Willes: Luongo Twitter theorists add little to trade saga
Canucks goalie longs for Florida ... and that’s all we know
The least you can say about Monday’s report concerning Roberto Luongo’s preferred destination is it passes the smell test.
As for a more rigorous test of its veracity, sorry. This is the age of Twitter. When information is passed along in 140character missives there are bound to be holes. And this item left a few questions unanswered.
“There are a lot of stories out there,” said Luongo’s agent Gilles Lupien. “That’s why I don’t pick up the phone. I don’t want to create any new ones.”
No, that will fall to others. But the latest report did create a fresh talking point to this tired story and, in this market, that development can’t be ignored.
On Monday, Aaron Portzline of the Columbus Post-Dispatch tweeted that Luongo, to this point, had declined to waive his no-trade clause to the Blackhawks or Leafs and was using that clause to steer a trade toward the Panthers.
This, naturally, inspired a flood of stories from the various theorists who inhabit cyberspace and, in short order, the story had morphed from Luongo trying to influence a deal to Luongo rejecting a trade to Leafs (the headline on Slam Sports’ website).
We can’t say much for certain about this saga. But we can say that is categorically false.
As for the rest of it, there is something there. Portzline is a respected reporter in our game and whatever intel he received came from a credible source. The problem, however, lies with people who interpreted the tweet as Luongo stonewalling a trade because there was no trade to stonewall.
Luongo, most assuredly, wants to go to Florida. Given the trade history between the two teams, there’s some comforting news for Canucks fans. His wife is from the Sunshine State. The couple have built a new home there. It also seems Luongo wanted the word out concerning his intentions.
Well, the word is out.
Admittedly, a lot of the parts line up. Florida needs a goalie. They have a treasure chest of young assets and cap space. They also took a huge step this season, making the playoffs for the first time in 11 seasons.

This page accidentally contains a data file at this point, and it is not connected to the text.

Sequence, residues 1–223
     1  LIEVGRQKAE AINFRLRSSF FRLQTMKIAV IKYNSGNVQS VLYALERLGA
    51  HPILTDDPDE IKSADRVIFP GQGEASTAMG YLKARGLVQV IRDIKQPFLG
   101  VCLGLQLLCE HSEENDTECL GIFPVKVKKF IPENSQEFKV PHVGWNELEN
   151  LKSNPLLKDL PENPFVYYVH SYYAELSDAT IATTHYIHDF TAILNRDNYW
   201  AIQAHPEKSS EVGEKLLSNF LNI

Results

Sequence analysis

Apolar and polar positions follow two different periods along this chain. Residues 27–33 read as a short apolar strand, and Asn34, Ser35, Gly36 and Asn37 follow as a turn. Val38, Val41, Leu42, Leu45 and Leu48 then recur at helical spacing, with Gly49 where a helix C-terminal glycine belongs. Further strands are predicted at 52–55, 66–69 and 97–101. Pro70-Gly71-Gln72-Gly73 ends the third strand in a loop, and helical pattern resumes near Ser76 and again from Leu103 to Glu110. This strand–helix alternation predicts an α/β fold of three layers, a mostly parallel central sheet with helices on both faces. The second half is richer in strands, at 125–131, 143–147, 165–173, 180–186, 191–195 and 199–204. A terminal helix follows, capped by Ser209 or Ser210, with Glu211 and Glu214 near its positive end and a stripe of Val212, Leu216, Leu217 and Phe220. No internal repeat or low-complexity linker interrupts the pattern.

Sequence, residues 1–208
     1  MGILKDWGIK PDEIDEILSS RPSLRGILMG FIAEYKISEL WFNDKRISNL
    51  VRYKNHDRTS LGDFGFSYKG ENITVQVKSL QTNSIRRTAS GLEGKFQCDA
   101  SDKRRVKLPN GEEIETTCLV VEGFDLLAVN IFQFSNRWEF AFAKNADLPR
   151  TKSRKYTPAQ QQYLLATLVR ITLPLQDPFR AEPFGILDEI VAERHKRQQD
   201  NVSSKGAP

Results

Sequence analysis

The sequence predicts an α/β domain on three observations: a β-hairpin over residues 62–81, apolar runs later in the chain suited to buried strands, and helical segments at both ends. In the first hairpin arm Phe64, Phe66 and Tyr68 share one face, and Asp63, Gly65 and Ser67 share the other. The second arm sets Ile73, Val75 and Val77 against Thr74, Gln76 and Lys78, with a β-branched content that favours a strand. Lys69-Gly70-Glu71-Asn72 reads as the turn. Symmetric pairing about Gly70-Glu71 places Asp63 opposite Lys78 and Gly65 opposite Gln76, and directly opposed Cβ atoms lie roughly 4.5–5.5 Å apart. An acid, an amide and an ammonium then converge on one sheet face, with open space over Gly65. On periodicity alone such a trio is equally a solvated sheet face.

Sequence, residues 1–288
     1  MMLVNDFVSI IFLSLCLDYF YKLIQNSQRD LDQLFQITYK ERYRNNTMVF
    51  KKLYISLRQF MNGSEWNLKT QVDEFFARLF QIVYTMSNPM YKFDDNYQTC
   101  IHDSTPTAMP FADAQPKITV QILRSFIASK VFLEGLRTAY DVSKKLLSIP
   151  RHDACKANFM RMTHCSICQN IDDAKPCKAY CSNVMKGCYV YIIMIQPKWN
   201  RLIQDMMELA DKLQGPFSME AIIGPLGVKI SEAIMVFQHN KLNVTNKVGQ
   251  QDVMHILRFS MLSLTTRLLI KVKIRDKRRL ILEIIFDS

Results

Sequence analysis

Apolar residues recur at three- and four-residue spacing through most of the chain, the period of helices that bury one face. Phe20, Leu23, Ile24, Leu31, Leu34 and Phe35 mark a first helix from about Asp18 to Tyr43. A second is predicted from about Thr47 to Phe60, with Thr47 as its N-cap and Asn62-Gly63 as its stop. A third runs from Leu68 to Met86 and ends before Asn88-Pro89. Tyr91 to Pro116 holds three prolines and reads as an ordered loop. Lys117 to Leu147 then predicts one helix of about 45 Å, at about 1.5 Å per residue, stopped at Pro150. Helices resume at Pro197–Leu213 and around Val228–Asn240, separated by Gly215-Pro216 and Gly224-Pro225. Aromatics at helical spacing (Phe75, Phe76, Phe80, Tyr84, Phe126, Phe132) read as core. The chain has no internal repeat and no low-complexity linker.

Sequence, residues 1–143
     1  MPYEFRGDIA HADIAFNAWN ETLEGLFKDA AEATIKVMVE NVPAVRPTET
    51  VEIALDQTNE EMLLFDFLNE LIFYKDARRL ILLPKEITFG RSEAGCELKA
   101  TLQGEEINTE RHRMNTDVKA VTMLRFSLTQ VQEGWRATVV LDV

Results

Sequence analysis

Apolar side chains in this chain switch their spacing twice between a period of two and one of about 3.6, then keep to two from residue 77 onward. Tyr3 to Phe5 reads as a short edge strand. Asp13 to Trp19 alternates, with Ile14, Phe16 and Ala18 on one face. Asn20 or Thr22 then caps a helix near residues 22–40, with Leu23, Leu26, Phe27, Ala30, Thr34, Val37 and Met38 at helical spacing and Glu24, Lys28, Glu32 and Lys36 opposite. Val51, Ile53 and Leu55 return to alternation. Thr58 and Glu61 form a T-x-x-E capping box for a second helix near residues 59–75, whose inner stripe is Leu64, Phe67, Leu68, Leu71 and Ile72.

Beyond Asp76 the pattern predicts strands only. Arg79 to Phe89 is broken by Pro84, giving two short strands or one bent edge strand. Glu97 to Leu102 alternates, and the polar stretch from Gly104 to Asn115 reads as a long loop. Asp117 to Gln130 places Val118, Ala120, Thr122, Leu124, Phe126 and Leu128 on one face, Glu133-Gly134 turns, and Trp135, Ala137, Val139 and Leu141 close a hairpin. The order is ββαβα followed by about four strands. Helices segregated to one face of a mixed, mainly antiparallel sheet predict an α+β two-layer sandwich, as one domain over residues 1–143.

But do they want Luongo? Actually, the question is: How badly do they want Luongo?
The Panthers have an elite goaltending prospect in 22-year-old Jacob Markstrom, who recorded a .927 save percentage in the AHL last season. Luongo, you may be aware, also has a fairly hefty contract that doesn’t expire for another decade.
The fit is awkward. That doesn’t mean it couldn’t happen. It’s just doubtful it will happen any time soon.
As for the tweet that started the merry-go-round, the key phrase is Luongo “to this point” had declined to waive his no-trade clause to Chicago or Toronto.
He wants to go to Florida. That much is clear. But if all the parties are sitting in the same place at the end of September, that list will grow because it’s 99-per-cent certain Luongo isn’t coming back to Vancouver.
Allowing the one per cent for the faint hope clause, there’s simply been too much water under the bridge for Luongo and Cory Schneider to share the net next season.
To date, everyone has been unfailingly polite about the situation, but when Luongo said he wouldn’t stand in the way of a trade after the Canucks were eliminated by the L.A. Kings in late April, it was tantamount to saying: “I’m out of here.”
You can also understand why. The goalie has put in six seasons with the Canucks and, while he leaves as the greatest goalie in franchise history, his time here has run its course. Somewhere between the playoff failures and the emergence of Schneider as a potential star, Luongo lost his shine in Vancouver.
That doesn’t diminish any of his considerable accomplishments — and six straight 30-win seasons with a save percentage that never went south of .913 is fairly considerable. It’s just time to move on and everyone involved seems to know it.
So this story will continue to meander. Maybe there’s a deal to be made with Florida. Maybe it will happen with Toronto. But it will happen.
And then, my friends, there will be some fearsome tweeting.
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